Stebbins was born in Nebraska in 1878, and graduated from the University of Nebraska in 1899. After completing his graduate work at the Washburn Observatory in Madison Wisconsin, he moved on to the Lick Observatory. There, in 1903, he became the third man to earn his doctorate in astronomy from the University of California and Lick Observatory, where he is still considered one of the greatest researchers produced by Lick. Originally at Mount Hamilton and Berkeley, Dr. Joel Stebbins decided that the University of Illinois provided more opportunities, so in 1903 he accepted directorship of the Observatory.
His early administration was marked with many changes: the Observatory was integrated in the Mathematics Department as the Division of Astronomy and had no operating budget. After spending eight dollars out of his own pocket, Stebbins convinced the Board of Trustees to create the first budget for the Observatory: $750. In addition, the curriculum was expanded from three classes to nine classes, including Astronomy for Engineers, Observational Astronomy, Seminar and Thesis. Most of the classes, taught by Stebbins and an instructor, required weekly use of the Observatory’s facilitates.
Early on, Stebbins used the popular Pickering visual program to survey stars in search of undetected eclipsing binary stars. Later in 1904, he began the estimates of the relative magnitudes of 107 double stars, duplicating the work of astronomer E.C. Pickering in 1878. It was during Stebbins’ photometric project when he first realized the need for a new method of photometry. In the summer of 1905, Stebbins was married and he soon found a source of inspiration for a new photometer. He provided the following account at a dinner of the American Astronomical Society in 1957:
“The photometric program went along well enough for a couple of years until we got a bride in our household, and then things began to happen. Not enjoying home alone, she (May Stebbins) found that if she came to the observatory and acted as recorder, she could get me home earlier. She wrote down the numbers as the observer called them, but after some nights of recording a hundred readings to get just one magnitude, she said it was pretty slow business. I responded that someday we would do this by electricity. That was a fatal remark. Thereafter she would often prod me with the question: “When are you going to change to electricity?” It happened that within a two or three months the department of physics gave an open house, and one of the exhibits was in charge of a young instructor F.C. Brown. He showed how when he turned on a lamp to illuminate a selenium cell, a bell would ring; when the lamp was off, the bell would stop. Here was the idea; why not turn a star on to a cell on a telescope and measure the current?” (Stebbins, Early Photometry, 507)
This friendship with F.C. Brown soon led to the development of a selenium cell photometer, which ultimately led to the discovery of five new eclipsing binary stars, constructed a light curve for the Moon, determined the mid-eclipse time of the 24 July, 1907 lunar eclipse and determined the magnitude of Comet Halley in May, 1910. However, Stebbins was not happy with the photometer. The cells were not very sensitive, only stars brighter than the third magnitude could be studied. They also had a narrow spectral response, were not readily available, were difficult to work with and the characteristics varied from one cell to another. The solution to Stebbins’ problems was found in physicist Jakob Kunz.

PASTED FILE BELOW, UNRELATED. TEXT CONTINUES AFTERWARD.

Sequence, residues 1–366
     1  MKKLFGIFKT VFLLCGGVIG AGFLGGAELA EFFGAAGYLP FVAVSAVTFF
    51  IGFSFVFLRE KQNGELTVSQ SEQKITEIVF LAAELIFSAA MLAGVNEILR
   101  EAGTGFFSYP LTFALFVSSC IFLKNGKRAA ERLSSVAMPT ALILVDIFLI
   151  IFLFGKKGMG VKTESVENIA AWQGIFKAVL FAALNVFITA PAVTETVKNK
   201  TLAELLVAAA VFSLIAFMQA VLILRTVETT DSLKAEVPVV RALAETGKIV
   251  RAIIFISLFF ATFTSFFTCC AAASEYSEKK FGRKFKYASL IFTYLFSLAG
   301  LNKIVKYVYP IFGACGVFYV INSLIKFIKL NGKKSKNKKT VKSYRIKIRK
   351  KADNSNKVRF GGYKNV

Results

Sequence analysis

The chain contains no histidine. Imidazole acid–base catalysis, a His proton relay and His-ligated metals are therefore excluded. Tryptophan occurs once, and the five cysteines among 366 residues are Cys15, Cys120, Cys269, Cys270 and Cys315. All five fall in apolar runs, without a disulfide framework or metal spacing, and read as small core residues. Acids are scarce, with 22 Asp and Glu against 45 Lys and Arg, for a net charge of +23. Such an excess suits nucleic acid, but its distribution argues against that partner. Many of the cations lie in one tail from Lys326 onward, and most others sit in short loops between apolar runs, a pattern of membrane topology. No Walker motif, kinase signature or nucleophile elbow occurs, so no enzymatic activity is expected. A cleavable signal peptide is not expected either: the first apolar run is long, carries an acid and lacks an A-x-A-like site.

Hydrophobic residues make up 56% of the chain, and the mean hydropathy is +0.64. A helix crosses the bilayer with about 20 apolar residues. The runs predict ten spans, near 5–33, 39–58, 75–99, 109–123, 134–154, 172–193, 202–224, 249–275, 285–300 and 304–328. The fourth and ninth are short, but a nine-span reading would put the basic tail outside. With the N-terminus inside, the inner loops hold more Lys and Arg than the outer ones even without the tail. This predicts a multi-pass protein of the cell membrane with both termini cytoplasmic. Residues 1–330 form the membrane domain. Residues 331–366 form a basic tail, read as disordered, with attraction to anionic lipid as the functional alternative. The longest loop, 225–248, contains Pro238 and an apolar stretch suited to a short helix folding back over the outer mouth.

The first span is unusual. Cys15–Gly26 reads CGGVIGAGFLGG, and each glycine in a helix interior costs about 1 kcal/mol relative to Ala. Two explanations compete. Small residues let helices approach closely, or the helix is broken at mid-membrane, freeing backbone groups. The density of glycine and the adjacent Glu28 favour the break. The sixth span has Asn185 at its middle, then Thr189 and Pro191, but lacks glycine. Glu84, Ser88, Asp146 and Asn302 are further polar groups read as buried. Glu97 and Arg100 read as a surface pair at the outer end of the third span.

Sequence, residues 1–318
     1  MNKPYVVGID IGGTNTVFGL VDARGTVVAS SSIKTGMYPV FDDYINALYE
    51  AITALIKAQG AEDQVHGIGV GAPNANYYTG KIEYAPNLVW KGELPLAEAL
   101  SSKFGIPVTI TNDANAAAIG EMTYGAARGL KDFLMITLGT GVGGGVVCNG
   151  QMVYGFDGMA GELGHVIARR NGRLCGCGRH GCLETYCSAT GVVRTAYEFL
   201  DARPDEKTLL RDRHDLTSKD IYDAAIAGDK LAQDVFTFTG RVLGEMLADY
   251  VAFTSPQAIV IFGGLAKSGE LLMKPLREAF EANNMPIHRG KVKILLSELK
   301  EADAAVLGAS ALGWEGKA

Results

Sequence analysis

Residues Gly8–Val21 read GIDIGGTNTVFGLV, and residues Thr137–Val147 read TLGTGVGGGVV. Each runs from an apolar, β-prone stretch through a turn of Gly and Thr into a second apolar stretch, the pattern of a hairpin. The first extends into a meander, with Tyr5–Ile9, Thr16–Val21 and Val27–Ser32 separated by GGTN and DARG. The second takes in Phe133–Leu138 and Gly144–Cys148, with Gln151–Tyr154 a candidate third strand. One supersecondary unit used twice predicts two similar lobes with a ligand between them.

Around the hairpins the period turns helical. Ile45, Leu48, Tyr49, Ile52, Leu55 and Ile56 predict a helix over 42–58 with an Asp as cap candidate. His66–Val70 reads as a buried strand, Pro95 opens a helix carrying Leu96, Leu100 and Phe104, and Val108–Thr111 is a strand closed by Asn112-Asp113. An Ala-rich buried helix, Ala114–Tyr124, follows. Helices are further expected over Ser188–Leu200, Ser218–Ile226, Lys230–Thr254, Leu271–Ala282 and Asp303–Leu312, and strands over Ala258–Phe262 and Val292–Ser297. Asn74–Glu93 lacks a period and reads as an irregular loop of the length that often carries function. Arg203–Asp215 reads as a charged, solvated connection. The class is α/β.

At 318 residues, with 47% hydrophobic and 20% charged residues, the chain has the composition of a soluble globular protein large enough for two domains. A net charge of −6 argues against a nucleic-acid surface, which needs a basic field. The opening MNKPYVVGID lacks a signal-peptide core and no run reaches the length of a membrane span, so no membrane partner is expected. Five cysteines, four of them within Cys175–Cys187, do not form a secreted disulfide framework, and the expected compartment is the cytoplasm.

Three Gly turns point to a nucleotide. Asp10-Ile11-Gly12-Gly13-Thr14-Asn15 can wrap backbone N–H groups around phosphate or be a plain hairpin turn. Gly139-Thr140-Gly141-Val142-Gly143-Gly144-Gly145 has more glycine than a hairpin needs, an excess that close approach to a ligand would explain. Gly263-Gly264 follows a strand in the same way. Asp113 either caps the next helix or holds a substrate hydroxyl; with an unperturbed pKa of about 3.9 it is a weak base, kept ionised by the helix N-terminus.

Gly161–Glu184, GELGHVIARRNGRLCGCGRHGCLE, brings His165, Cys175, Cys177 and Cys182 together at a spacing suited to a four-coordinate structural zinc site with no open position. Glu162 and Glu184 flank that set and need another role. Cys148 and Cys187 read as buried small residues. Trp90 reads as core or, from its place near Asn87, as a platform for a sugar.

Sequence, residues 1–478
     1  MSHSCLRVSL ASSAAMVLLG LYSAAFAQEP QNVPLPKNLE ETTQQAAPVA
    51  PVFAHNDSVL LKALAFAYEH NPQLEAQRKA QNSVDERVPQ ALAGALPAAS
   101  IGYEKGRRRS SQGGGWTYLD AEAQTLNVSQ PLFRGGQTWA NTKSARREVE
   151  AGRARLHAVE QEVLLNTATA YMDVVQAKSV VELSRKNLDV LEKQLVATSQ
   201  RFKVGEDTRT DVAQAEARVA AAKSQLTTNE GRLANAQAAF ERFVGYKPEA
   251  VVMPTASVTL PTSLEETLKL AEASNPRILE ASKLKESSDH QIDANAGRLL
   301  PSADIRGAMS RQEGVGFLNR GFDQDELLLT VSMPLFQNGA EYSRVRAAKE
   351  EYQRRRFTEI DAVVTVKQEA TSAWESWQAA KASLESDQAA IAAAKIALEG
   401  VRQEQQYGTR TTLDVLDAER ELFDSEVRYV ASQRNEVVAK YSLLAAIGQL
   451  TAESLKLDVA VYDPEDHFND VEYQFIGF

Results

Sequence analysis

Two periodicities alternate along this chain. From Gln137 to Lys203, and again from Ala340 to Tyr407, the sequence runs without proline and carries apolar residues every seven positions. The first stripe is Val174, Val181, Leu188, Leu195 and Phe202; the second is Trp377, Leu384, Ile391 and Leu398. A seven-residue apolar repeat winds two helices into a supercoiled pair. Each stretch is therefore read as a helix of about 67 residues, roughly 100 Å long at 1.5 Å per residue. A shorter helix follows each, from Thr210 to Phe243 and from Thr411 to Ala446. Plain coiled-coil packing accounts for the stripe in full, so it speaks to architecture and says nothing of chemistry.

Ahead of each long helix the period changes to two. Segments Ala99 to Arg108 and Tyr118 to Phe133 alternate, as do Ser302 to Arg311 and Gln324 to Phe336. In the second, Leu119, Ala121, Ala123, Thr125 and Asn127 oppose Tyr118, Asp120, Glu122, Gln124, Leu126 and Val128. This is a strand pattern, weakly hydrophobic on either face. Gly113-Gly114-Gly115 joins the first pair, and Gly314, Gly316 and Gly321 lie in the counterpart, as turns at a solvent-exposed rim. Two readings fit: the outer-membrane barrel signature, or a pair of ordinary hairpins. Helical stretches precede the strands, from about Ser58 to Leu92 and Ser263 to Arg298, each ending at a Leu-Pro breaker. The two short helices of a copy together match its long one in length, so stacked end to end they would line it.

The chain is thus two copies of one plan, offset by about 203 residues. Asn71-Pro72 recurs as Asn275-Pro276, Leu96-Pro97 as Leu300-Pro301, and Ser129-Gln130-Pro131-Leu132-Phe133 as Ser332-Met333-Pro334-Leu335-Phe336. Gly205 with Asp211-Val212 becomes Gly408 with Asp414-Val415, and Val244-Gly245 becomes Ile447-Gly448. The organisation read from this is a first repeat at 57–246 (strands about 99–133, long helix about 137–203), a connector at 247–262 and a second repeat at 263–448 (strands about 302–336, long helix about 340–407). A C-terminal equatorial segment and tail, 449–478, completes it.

Professor Joel Stebbins
Kunz, in partnership with Stebbins, developed and installed a photoemissive photocell instead of a selenium based one. This worked fabulously. Kunz and Stebbins remained friends and continued to develop better cells for the photometer. Using the photometer, they even succeeded in measuring the brightness of the solar corona from the eclipse on 9 June, 1918.
Professor Stebbins left Illinois in September 1922 when he was offered the directorship of Washburn Observatory. Stebbins continued to improve and apply the photometer there where he enlisted the help of A. Whitford who developed a thermionic amplifier, C. M. Huffer, an Illinois math graduate who had taken a class with Stebbins at Illinois, and G. Kron at Mt. Hamilton who worked with photomultiplier tubes. Stebbins remained at the forefront of astronomical photometry until his death in 1966.
– Observatory. This is where Joel Stebbins conducted research and developed the astronomy program.
Joel Stebbins Papers, 1907-23, 1936, 1939, 1957. Record Series No. 15/3/21, Box 1. University of Illinois Archives Series No. 15/3/21, Box 1.
Observatory History. Record Series 15/3/12, Box 1, Folder 2. University of Illinois Archives.
Observatory showing rigged telescope. (circa 1910-1915). Photographic Subject File, Record Series 39/2/20, Box Col 6-3, Folder Col 6-3 Astronomy, 1910-56. University of Illinois Archives.
Stebbins, J. (1908). The Color Sensibility of Selenium Cells. The Astrophysical Journal, 27.
Stebbins, J. (1910).The Measurement of the Light of Stars with a Selenium Photometer. With An Application to the Variations of ALGOL. The Astrophysical Journal, 32(3).